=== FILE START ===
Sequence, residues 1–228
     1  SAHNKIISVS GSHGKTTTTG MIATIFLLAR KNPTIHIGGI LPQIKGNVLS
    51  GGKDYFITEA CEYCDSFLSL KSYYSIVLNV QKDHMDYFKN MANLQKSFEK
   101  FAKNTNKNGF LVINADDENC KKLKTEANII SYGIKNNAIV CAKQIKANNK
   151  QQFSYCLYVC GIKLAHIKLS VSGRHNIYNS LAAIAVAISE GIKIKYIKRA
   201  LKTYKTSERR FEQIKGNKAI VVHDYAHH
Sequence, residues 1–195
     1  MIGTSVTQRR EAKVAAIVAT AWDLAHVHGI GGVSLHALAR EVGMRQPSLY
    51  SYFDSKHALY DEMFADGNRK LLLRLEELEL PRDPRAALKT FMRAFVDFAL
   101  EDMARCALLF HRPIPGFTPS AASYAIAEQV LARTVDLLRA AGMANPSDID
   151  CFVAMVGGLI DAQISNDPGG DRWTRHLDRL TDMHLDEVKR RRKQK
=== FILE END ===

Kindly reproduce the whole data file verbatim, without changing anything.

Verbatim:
Sequence, residues 1–228
     1  SAHNKIISVS GSHGKTTTTG MIATIFLLAR KNPTIHIGGI LPQIKGNVLS
    51  GGKDYFITEA CEYCDSFLSL KSYYSIVLNV QKDHMDYFKN MANLQKSFEK
   101  FAKNTNKNGF LVINADDENC KKLKTEANII SYGIKNNAIV CAKQIKANNK
   151  QQFSYCLYVC GIKLAHIKLS VSGRHNIYNS LAAIAVAISE GIKIKYIKRA
   201  LKTYKTSERR FEQIKGNKAI VVHDYAHH
Sequence, residues 1–195
     1  MIGTSVTQRR EAKVAAIVAT AWDLAHVHGI GGVSLHALAR EVGMRQPSLY
    51  SYFDSKHALY DEMFADGNRK LLLRLEELEL PRDPRAALKT FMRAFVDFAL
   101  EDMARCALLF HRPIPGFTPS AASYAIAEQV LARTVDLLRA AGMANPSDID
   151  CFVAMVGGLI DAQISNDPGG DRWTRHLDRL TDMHLDEVKR RRKQK